Trouble is, most golfers who have played this game for a while know that’s not usually going to happen.
Most golfers need to spend time on the practice area refining what they have, checking the basics of their actions, adjusting their pre-shot routines, working on that shot that didn’t go so well last week, and the list goes on.
Not only that but we need to take into account that most of golfers have limited time during their week to fit any golf in at all, which means to get back to answering the original question – does practicing golf really improve performance?
The answer for most golfers is, yes it will but what is the best balance for you?
To find that, ask yourself the following questions:
What level do you wish to be at long term?
A golfer whose aim is to compete at a high level is clearly going to have to spend a significant amount of time on the practice area building up the skills and stamina required to compete while under tournament conditions.
Whereas a golfer whose main aim is to get out and enjoy a few hours escape from the rest of life, spend time with their friends and partake in a beverage or two after the game is not going to be that motivated to do so.
So, what for you is the ultimate level you desire to get to?
Why do you play the game?
Is it simply to escape life and enjoy the walk, is it some deep seated quest for perfection, a desire to achieve absolute mastery of the game or do you play because your best friend, other family members or your boss does.
In other words, why are you there?
How do you learn other things?
Are you a person who needs to understand absolutely everything about what you are doing before you get it or are you a person who is happy to pick up things without really knowing why it happens?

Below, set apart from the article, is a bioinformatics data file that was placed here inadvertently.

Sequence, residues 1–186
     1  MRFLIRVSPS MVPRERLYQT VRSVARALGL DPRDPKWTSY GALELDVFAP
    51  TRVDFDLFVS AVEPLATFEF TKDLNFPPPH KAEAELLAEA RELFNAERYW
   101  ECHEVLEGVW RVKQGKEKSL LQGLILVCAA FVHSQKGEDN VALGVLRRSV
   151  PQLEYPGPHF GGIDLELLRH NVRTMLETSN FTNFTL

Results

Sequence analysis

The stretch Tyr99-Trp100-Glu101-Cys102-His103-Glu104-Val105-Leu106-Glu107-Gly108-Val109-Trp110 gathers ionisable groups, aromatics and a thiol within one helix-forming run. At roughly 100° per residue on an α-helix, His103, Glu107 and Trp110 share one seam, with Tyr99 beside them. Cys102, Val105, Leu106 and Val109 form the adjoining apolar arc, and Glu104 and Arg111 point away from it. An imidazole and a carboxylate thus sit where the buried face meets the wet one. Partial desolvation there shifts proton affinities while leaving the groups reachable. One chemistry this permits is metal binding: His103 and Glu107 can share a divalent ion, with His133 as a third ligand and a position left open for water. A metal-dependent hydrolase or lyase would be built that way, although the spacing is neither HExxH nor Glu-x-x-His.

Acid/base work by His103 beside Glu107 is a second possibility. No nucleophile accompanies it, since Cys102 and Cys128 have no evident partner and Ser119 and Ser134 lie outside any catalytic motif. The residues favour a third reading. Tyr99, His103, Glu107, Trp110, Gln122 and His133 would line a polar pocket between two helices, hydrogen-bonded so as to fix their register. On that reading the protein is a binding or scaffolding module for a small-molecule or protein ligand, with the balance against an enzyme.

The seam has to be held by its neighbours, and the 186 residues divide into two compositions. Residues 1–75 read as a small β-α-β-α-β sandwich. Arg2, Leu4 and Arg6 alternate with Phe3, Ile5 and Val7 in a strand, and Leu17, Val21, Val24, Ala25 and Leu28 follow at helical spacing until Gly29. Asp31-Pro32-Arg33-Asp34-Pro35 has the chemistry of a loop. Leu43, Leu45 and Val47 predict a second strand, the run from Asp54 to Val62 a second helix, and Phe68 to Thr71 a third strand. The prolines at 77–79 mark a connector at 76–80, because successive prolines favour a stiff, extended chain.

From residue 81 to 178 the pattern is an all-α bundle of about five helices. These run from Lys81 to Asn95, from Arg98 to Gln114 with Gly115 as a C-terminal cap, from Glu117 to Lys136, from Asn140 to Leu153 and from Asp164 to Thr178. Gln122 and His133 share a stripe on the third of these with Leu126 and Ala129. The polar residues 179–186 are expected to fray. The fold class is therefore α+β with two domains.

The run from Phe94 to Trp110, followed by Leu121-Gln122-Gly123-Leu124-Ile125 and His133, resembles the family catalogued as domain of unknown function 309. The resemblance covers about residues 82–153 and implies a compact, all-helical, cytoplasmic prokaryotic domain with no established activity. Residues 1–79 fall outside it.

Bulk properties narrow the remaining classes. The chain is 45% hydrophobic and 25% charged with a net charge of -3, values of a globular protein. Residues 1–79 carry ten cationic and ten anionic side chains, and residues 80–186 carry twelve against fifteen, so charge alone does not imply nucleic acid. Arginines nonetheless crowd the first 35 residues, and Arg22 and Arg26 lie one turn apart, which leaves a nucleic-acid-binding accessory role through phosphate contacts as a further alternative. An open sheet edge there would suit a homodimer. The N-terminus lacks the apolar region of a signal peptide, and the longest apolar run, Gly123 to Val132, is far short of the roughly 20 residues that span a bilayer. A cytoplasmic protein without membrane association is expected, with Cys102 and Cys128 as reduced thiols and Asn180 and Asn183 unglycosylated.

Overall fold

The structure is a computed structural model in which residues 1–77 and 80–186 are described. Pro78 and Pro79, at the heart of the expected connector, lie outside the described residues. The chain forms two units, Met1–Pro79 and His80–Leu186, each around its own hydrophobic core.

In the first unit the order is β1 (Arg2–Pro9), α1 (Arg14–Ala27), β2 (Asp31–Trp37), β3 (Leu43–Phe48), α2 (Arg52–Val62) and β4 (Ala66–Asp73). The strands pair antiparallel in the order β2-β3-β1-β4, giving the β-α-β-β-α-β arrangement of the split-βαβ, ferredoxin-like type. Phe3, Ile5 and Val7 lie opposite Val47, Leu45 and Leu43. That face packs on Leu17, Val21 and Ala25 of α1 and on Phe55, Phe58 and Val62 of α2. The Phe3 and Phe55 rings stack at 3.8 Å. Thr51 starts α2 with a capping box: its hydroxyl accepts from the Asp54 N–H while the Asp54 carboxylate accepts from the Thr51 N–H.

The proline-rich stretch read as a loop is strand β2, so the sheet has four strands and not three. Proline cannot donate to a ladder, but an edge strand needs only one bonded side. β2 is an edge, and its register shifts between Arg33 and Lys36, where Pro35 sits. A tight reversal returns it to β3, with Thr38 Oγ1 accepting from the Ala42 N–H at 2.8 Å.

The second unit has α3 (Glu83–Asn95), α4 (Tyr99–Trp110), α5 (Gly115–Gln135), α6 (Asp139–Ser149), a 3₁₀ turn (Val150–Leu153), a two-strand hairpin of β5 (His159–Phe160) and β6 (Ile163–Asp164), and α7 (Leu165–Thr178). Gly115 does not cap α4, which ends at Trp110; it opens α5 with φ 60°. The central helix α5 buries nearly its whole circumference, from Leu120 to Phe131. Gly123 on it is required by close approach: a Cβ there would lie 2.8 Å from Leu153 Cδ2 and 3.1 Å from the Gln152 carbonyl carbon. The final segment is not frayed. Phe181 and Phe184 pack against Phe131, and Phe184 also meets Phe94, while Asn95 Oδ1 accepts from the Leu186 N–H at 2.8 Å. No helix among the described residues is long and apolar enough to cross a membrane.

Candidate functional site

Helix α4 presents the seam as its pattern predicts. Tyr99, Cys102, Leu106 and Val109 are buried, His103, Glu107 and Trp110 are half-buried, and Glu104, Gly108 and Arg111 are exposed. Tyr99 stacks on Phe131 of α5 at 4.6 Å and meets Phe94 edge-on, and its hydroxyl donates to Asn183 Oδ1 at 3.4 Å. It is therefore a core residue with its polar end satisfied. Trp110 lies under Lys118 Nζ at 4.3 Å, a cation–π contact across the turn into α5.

In essence, what is your learning style?
How do you improve things?
Are you someone who is happy to stand on a practice area for hours at a time doing a practice drill for 500 balls in a row or would you rather play 36 holes of golf with nothing more than a few practice swings and a couple of warm-up putts?
Which one of those was most appealing to you?
Each golfer will of course have slightly different answers to the above questions, however, at some point in time almost every golfer aspires to attain better performance in their golf game at some point in their life.
We know through experience that practicing golf will really improve the performance of most golfers but the question can only be answered properly when you find the right balance for you and your golf game.
If you’d like a hand to figure out what’s best for you, I’d suggest checking this out.
Ian Hardie is Golfer Pacific’s Golf Professional contributor. He is Club Professional at Omanu Golf Club in Mount Maunganui. Ian’s time is split between the pro shop at the club and helping people to improve, while enjoying their golf more as a result of his golf coaching. Over the past few years, in an effort to help as many golfers as he can, Ian has been sharing his common sense golf advice with golfers around the world through his website golfhabits.com. With over 500 articles to read, it’s a great resource for any golfer looking to improve their golf game.